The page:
Registered dietician and nurse Patricia Fitzpatrick, education coordinator for Touro Infirmary's Dietetic Internship Program (1401 Foucher St., 897-8320), discusses nutrition and the changes in the traditional food pyramid developed by the U.S. Department of Agriculture.
Q: The USDA has revamped the food pyramid we all grew up with and has made it interactive on its MyPyramid.gov Web site. Has the information really improved?
A: Yes, I think so. What the federal government is trying to do is to provide to the public very accurate information, based on the most scientific information they have now. They've identified 41 key recommendations. Twenty-three are for the general public and 18 are for specific populations. They are really looking at different groups (children, the elderly, different age groups) in the population that might have special needs. I think it is evolving to become more helpful.
Q: How do you address serving portions?
A: I think food portions is probably an area that the general American public has a lack of knowledge in. When you say eat half a cup, in my mind, I think of a measuring cup; many people think whatever the cup is on the shelf. As American consumers, we're looking for a good deal, and if someone is going to give us a bigger portion for less money, we go for that. ... The larger portions drive calories.
Q: What about physical activity?
A: For exercise, the recommendation is to increase activity within the realm of everyone's possibilities and checking with your doctor first. There is a special recommendation for children and adolescents for 60 minutes on most and preferably all days of the week. ... You have to structure the recommendations to what [each person is] willing to do and wants to do. You have to find what you like to do or you won't stick with it.
Q: Why are so many Americans overweight?
A: I think part of it is the changes in our culture over the past 50 to 60 years. We've moved from a rural society to an urban one, we use cars more to get to stores and work, and the availability of affordable food (has changed). If you go back 50 to 60 years, going out to dinner was a treat; now it's a very common thing. Restaurants are open very late, so if you're out late and want to pick up something, it's available. Years ago it wasn't, and people used to eat more at home. If there was just one thing that caused [more Americans to become overweight], it would be an easy fix, but there are multiple layers. The changes started, for the good or the bad, after WWII when women were in the work force in great numbers for the first time. As men came back from the war, women saw themselves in a different role. ... Technology also has impacted us. People spend more time at their computers than going out and doing different things. ... There are changes in schools, less emphasis on physical education -- it had to be cut because other things had to be put in school.
Q: What can individuals do about it, especially if they are teaching their kids what to and what not to eat?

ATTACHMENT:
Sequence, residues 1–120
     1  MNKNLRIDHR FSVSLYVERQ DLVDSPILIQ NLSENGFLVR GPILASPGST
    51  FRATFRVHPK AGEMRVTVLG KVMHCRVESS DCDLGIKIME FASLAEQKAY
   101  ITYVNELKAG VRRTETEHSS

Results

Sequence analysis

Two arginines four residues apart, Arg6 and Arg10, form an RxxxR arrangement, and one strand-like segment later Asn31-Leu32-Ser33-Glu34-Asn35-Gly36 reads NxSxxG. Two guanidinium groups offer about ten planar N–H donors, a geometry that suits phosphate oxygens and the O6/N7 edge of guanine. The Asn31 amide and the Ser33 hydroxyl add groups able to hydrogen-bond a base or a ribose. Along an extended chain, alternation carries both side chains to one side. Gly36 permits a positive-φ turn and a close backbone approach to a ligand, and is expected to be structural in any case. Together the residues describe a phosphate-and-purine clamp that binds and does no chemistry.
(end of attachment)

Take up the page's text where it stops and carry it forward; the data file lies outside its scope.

A: The parents have to set the example. As in any other part of life, they have to be willing to make some changes. If people don't know how to do things, there is help out there, but they have to make the conscious decision. Maybe instead of watching TV tonight, take a walk. ... Get on the Internet and look at the USDA's Web site at everybody's personal pyramid. The idea is to make sure that children have the opportunity to understand what is the best choice of them.
Q: Carbohydrates and fats have gotten a bad rap as being unhealthy, but aren't they actually essential to good health?
A: Yes, because there are certain nutrients that come from all of them. Again, it's the amount. The focus in this new guideline is to reduce the trans-fatty and saturated fatty acids and keeping the total fat to 25 to 35 percent of total calories. ... There is a need to have a balance. Carbohydrates are the same way, looking for more fiber, and (getting carbohydrates) from fruits and vegetables. They are important for the energy level, especially for children.
Q: Is there anything else that should be addressed?
A: The other thing this guideline does discuss ... is food safety. It addresses the need for individuals to make sure their areas, food-contact surfaces, their hands and fruits and vegetables are washed before they are prepared, and (to) cook foods to the right safe temperature and make sure meats are separated from other foods (when stored). ... You should never thaw food at room temperature, you should thaw it in the refrigerator or in the microwave and cook it immediately. You don't want the temperature of the food itself to be in the food temperature danger zone of 41 to 135 degrees. ... Bacteria grows more rapidly [in the food temperature danger zone]. The only way you know that food has hit the right temperature is to use a food thermometer; you can't tell just by looking at it.